8.) Producers – the one who is responsible for approving and disapproving the recording take. Sometimes the label hires producers or it can just be the artist themselves.
9.) Studio – name of the recording studio.
10.) Engineers – the name of the recording engineer in-charge; including the assistant if applicable.
11.) Operating system– the OS used by the computer to record the tracks.
12.) DAW– the recording software used e.g. Reaper, Pro tools, Cubase, etc.
13.) Bit depth– e.g. 24-bits, 32-bit float. Never use 16-bit when tracking.
14.) Sample rate– e.g. 44.1 KHz, 48 KHz, 96 KHz, 192 KHz. Never use less than 44.1 KHz.
15.) Audio Interface – the analog to digital hardware interface used, e.g. Focusrite Saffire Pro 40 or DigiDesign Mbox.
Then this is how the tracking details would look like where you can give proper credits to all musicians in the project:
The track # is the numbering of tracks. For example Track #1 for first track, etc. Some multi-track project can have less than 10 tracks and some have more than 20; it depends on the production style and genre.
For the track name, you need to be specific. For example “lead vocals”, “solo guitar”, “snare”. The date is the date of the recording. The difference between the finish time and start time is the number minutes or hours that is used during the recording of the track. Longer number of hours indicates that the track is difficult and has a number of re-takes (e.g. lead vocal).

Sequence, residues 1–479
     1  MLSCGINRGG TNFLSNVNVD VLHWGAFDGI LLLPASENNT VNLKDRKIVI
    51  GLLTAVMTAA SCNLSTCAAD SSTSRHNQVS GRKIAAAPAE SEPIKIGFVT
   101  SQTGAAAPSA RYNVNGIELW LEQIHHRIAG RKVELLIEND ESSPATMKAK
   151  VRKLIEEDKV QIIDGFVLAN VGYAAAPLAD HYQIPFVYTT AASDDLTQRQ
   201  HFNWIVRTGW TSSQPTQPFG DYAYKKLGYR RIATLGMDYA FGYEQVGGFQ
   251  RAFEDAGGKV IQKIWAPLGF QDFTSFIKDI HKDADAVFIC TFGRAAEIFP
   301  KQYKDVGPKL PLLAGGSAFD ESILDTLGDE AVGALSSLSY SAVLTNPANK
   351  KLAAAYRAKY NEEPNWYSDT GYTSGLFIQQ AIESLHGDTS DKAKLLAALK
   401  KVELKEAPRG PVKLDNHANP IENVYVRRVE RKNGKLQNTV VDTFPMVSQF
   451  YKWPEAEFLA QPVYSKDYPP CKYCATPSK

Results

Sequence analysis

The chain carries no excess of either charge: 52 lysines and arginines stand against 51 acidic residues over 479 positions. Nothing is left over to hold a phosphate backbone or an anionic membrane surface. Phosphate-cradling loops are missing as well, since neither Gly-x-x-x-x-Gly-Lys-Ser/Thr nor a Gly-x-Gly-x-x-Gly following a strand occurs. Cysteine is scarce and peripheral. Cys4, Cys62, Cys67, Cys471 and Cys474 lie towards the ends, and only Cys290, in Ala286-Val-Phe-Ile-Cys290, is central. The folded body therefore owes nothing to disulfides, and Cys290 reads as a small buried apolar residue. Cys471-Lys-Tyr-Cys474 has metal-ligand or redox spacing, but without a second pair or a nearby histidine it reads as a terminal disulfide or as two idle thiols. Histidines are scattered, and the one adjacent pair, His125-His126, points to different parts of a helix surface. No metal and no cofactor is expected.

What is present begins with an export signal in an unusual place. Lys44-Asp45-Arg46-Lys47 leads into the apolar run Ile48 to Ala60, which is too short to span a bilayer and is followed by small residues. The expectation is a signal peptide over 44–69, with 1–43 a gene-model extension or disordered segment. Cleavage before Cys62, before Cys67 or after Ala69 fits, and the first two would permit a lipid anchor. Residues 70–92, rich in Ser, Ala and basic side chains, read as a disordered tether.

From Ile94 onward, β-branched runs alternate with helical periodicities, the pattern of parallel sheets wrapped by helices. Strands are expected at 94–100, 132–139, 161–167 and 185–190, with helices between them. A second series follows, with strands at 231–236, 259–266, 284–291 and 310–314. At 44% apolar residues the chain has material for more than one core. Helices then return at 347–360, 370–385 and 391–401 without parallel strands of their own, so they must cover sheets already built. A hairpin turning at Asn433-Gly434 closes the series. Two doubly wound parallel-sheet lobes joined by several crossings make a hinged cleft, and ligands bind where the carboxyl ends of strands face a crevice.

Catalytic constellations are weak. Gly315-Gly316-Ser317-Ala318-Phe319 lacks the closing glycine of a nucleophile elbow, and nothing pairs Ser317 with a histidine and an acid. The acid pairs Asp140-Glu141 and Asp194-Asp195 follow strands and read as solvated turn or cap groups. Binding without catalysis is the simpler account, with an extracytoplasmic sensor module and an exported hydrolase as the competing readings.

Indicate the full name of the musician with signature besides it. This is the documentary evidence of the musicians involve in the tracking/recording. This will be different for every track, for e.g. different musician for bass, drums, guitars, etc. This includes the session players (paid to play in the studio). This section is very important for giving musician credits.
The filename is the final take that is approved by the producer that will be submitted for mixing. Be specific and make sure it aligns with the track name, e.g.:
Finally the main parties would now agree by signing at the last section of the document:
The engineer signature confirms that the data provided are accurate and the producer signature signifies that the musician, tracks, filename are final and for audio mixing. It also shows the total cost of the recording which will be used by the producer in any financial auditing. This document would now be submitted for audio mixing along with all the recorded files. Read this tutorial on how to prepare and send recorded tracks for audio mixing.
Content last updated on July 28, 2012